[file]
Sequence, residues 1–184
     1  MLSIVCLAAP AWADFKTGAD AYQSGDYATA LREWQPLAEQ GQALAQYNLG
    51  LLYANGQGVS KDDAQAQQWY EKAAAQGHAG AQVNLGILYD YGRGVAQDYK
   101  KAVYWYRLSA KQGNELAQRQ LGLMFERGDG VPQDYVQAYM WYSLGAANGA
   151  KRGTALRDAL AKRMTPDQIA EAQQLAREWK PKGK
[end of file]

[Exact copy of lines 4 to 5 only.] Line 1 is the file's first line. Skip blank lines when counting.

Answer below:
   101  KAVYWYRLSA KQGNELAQRQ LGLMFERGDG VPQDYVQAYM WYSLGAANGA
   151  KRGTALRDAL AKRMTPDQIA EAQQLAREWK PKGK